This form of rest and "non-activity" is great for people who don't enjoy meditation or already have too much on their plates for other mindfulness practices. Niksen is an excellent exercise for those who wrestle with feelings of unease that arise from the lack of busyness.
Here are a few additional ways that you can integrate more rest into your lifestyle this winter:
- Go for a walk
- Spend time in nature
- Listen to music
Celebrating in Darkness
Ancient cultures celebrated the Winter Solstice as a return of the light, a turning point in the year when days slowly begin to get longer. It was viewed as a moment of transition and renewal. Rather than dreading the season, how can we find ways to celebrate and savor it?
It may seem counterintuitive to "celebrate" during the winter. It is, after all, very dark, and it's natural to feel uncomfortable in darkness; we fear things we cannot see. For people prone to anxiety and depression, the long winter nights can create an extra layer of stress. Feeling down during this season is very common. More than 3 million people a year in the United States experience seasonal affective disorder (SAD), which is a form of depression that emerges during the winter months.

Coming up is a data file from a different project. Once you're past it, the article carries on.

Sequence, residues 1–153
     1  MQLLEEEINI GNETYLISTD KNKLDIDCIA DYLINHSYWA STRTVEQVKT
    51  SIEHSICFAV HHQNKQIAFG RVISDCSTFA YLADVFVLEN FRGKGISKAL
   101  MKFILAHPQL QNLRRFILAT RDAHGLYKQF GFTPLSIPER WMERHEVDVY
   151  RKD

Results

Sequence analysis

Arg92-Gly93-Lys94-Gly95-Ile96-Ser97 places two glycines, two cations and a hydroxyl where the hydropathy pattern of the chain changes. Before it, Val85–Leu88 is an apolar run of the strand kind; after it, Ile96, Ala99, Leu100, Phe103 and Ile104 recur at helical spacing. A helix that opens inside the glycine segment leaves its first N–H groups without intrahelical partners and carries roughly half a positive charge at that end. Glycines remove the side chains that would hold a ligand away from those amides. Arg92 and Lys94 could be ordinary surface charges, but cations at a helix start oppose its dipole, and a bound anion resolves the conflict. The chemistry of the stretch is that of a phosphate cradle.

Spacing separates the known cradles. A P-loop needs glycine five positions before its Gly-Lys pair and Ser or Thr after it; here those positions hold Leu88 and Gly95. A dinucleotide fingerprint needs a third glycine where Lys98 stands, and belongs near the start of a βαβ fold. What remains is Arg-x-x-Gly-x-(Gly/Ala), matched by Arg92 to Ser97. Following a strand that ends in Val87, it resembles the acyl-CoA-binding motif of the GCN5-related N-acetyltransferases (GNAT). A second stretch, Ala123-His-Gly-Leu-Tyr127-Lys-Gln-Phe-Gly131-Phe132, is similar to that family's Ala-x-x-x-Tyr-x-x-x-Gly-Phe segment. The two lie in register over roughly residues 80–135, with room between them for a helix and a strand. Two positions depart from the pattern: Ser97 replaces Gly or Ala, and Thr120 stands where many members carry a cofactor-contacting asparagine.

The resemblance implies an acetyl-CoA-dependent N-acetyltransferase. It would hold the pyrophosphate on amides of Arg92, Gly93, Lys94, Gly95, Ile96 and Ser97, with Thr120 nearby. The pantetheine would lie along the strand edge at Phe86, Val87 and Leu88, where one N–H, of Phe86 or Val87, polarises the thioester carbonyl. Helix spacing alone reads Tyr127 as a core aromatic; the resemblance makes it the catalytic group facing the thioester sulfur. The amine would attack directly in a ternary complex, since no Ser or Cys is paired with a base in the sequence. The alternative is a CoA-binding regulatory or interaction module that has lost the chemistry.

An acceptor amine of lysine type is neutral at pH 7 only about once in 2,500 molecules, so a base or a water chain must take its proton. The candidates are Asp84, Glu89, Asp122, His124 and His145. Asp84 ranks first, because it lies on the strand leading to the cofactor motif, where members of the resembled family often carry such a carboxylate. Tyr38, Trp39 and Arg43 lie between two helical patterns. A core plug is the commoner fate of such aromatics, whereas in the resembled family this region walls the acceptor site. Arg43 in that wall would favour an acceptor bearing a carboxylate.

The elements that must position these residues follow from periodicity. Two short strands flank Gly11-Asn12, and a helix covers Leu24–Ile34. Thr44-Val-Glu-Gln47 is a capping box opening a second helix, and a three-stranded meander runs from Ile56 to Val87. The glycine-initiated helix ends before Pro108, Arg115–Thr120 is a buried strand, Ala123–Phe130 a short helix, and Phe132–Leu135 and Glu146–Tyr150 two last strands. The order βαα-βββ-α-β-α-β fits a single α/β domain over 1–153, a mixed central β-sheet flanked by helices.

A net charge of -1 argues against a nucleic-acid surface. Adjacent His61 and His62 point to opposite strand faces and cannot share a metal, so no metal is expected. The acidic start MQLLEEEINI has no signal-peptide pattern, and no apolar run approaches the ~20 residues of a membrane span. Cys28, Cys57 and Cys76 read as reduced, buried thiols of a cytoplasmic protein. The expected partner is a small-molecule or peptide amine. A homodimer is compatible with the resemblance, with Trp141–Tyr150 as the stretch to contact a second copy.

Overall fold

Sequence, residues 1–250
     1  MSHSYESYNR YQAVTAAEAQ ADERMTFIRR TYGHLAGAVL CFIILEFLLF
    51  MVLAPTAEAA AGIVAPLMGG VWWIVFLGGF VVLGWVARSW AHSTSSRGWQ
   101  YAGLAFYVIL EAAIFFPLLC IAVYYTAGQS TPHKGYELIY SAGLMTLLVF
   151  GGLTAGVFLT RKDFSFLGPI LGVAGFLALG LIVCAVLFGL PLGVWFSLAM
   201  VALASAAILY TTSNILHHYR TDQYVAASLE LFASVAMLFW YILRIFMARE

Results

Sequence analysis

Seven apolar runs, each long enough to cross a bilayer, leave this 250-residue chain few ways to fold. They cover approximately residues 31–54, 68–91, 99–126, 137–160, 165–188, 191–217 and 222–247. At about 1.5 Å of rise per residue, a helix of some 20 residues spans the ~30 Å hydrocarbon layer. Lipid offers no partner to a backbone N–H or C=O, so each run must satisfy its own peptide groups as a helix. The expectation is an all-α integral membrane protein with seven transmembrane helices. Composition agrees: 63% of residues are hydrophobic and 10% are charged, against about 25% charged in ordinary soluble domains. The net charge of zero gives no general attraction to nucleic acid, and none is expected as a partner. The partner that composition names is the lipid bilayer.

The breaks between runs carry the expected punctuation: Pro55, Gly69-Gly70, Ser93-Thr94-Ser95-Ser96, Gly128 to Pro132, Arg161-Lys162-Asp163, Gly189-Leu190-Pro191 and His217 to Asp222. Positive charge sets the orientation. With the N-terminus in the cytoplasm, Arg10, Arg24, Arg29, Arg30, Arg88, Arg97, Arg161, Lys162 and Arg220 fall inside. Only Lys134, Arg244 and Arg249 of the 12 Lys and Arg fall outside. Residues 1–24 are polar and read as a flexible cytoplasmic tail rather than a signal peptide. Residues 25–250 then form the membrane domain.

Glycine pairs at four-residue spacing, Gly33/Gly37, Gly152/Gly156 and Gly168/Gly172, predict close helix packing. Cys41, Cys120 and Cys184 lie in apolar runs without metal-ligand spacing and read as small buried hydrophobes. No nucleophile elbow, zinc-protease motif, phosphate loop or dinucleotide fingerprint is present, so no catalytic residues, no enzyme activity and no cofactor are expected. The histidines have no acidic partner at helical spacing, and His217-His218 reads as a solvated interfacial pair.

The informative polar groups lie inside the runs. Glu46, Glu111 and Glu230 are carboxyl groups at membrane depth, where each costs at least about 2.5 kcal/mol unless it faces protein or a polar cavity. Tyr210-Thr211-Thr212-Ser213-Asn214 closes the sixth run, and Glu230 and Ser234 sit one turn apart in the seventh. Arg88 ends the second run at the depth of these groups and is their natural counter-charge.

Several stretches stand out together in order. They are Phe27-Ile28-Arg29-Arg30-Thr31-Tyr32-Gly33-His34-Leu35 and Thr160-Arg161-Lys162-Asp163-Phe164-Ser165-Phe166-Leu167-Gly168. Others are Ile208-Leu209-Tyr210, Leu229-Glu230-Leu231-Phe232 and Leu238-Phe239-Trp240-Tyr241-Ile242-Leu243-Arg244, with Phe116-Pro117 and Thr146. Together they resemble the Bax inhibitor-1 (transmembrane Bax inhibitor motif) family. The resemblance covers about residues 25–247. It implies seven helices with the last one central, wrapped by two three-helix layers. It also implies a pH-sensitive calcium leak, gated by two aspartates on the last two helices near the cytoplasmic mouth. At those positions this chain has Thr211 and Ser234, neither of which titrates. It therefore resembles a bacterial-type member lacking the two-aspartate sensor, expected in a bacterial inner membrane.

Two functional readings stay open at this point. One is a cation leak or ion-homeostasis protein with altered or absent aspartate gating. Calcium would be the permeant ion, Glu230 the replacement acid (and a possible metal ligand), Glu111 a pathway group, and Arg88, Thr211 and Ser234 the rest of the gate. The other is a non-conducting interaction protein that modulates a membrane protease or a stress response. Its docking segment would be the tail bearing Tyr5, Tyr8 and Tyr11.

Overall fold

There are many ways to cope with anxiety and manage depression—such as working with a professional therapist. However, here are some winter-specific ideas that can reframe the purpose of this season.
Create Winter-Specific Celebratory Rituals
It's easy to see how we create celebratory rituals during the warmer months. For example, in the summer, we may eat dinner on the rooftop at a local eatery, or spend Saturdays at the park. Without similar seasonal rituals during the winter (especially during a global pandemic), there may be a void that can illuminate the more challenging aspects of the season. Winter rituals can be something as simple as drinking a particular blend of tea in the mornings or keeping fresh flowers in the house. Creating rituals around the winter season is a wonderful way to embrace it and help manage any additional stress caused by the global pandemic.
Focus on you
Winter is an excellent time for self-exploration and care. It's natural to turn inward during these months, as we quite literally spend more time inside. Taking steps to develop a deeper understanding of ourselves and implementing healthy self-care habits can improve self-esteem and help manage stress and anxiety. One of the most accessible ways to do this is to keep a journal. Journaling creates a space for processing our emotions and reflecting on our life and goals.
Change is one of life's constants, and the seasons are change embodied. Winter presents us with an opportunity to embrace change and adopt new ways of living and seeing the world around us. If we choose, we can use the winter months as a time to rest, reflect, and find renewal.